Los Angeles Passes Resolution Banning Digital Redlining by ISPs

The city council unanimously voted to address concerns about digital discrimination and formulate new anti-discriminatory policies.

Los Angeles Passes Resolution Banning Digital Redlining by ISPs
Photo of historic real estate financing redlining map developed by the Home Owners' Loan Corporation in 1939 by waltarrrrr on Flickr.

January 26, 2024 – The Los Angeles City Council unanimously approved a regulation to prohibit digital pricing discrimination on Thursday, one of the first cities in the nation to address the issue of digital redlining.

The ordinance was introduced by Councilmember Marqueece Harris-Dawson.

It directs the city attorney to work with community-based groups and create a process for organizations to submit digital discrimination complaints on behalf of a larger group of residents.

It further directs the Civil, Human Rights and Equity Department to examine the city’s current anti-discrimination laws and create a new policy for investigating complaints, including a public information campaign so that Los Angeles residents know where to access help. 

Instances of the nation’s largest internet service providers “cherry-picking” affluent neighborhoods for upgrades to faster broadband services, while neglecting investments in low-income areas have been documented by educational institutions, media outlets, and non-governmental organizations. 

Digital Equity LA, in collaboration with the California Community Foundation, identified patterns across 165 addresses of Charter Spectrum offering lower prices and better terms and conditions in wealthy neighborhoods across Los Angeles County.

A specific case study conducted in the Westlake-Angelino Heights neighborhood found a $20 price difference for the same Spectrum internet service between addresses located just two miles apart. Spectrum serves more than 98 percent of LA County households.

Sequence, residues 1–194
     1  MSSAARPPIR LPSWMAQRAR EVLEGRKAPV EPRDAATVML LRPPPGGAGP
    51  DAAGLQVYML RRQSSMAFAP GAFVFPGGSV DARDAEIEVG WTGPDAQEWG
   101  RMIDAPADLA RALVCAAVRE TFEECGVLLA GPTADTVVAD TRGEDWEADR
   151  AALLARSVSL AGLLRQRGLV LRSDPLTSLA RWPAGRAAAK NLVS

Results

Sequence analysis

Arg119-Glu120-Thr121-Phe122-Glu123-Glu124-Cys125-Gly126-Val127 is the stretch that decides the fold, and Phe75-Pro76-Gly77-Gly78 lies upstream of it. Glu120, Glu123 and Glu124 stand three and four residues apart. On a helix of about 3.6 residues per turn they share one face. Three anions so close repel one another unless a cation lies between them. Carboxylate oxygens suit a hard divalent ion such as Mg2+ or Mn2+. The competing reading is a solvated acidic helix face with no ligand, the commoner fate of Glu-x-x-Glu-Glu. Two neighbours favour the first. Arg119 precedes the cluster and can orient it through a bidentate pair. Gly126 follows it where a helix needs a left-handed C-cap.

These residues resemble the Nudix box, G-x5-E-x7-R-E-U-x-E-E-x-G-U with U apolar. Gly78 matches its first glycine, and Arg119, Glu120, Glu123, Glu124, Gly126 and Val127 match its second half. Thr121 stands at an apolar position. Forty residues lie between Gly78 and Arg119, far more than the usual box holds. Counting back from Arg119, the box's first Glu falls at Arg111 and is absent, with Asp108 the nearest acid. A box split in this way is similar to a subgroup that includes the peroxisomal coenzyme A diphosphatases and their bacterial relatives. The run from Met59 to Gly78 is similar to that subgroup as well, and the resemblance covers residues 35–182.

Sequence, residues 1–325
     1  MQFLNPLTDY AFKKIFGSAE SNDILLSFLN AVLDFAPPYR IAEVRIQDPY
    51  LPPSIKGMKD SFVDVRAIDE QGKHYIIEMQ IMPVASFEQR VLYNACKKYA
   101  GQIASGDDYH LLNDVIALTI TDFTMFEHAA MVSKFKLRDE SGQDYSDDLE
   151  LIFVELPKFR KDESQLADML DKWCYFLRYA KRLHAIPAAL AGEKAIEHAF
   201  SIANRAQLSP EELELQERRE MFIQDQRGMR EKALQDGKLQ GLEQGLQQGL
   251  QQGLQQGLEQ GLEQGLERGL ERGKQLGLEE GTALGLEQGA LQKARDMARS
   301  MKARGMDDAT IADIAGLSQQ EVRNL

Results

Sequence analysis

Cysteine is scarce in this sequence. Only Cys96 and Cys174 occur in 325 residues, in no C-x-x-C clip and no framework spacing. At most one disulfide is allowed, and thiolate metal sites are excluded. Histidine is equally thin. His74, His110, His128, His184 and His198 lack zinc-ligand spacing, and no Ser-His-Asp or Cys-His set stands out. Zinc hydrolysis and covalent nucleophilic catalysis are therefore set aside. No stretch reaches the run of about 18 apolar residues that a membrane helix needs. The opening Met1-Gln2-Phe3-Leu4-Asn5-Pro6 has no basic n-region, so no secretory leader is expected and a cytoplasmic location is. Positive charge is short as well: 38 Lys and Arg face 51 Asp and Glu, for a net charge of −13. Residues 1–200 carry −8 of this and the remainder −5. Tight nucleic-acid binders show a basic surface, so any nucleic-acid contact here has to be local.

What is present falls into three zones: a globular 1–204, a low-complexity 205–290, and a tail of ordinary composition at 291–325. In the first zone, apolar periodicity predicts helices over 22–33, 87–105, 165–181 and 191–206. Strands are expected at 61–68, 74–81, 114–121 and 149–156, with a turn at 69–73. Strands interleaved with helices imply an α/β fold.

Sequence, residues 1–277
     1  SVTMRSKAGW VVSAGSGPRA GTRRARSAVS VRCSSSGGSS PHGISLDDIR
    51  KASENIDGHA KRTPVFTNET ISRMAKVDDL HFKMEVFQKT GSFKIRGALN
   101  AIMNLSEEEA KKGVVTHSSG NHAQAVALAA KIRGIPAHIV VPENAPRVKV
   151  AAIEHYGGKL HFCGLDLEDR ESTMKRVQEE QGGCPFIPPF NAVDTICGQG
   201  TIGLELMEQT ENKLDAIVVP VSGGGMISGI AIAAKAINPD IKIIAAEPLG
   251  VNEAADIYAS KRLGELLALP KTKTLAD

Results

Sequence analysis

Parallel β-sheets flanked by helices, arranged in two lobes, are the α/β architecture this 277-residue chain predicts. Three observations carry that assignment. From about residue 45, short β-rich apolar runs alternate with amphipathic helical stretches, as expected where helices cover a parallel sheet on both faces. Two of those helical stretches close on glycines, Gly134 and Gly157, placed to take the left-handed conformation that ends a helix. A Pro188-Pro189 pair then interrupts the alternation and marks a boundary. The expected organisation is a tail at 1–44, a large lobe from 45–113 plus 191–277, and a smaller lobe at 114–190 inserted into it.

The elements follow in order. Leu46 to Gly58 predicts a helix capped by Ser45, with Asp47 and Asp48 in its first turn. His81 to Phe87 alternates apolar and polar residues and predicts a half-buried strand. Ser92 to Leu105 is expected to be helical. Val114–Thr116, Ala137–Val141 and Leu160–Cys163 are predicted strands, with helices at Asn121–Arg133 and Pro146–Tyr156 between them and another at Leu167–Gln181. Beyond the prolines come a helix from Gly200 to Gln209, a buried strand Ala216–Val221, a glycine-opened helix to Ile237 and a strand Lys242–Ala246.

By conducting an in-depth examination of AT&T’s fiber deployment, a study by the University of California at Berkeley’s Haas Institute for a Fair and Inclusive Society found that households benefiting from fiber-to-the-home upgrades in Los Angeles County had a median household income nearly twice that of the households relegated to slower digital subscriber line technology by AT&T. 

The analysis was based on Form 477 data supplied by AT&T to the FCC, and the company’s publicly advertised rates and services.

The Markup, a nonprofit newsroom that investigates the impact of technology on society, analyzed more than 18,000 addresses across Los Angeles and found that AT&T and Verizon routinely advertise the same price for much slower speeds in higher poverty, less white communities than in wealthy white neighborhoods.

The new ordinance establishes a mechanism for forwarding citizens’ digital discrimination claims to the Federal Communications Commission, which aligns with the FCC’s recent adoption of new rules in November to prevent broadband providers from engaging in digital discrimination based on factors such as race, income, and other demographic traits.

The FCC’s order will go into effect in March and empowers the federal agency to fine providers for failing to provide equal service in different communities.

“We need to make sure we have a level playing field,” Councilmember Bob Blumenfield, who co-sponsored the motion, said to the LAist. “And this today will create an avenue for Angelenos to submit complaints about discrimination and for ways for the city to get actively involved in addressing it.”

Popular Tags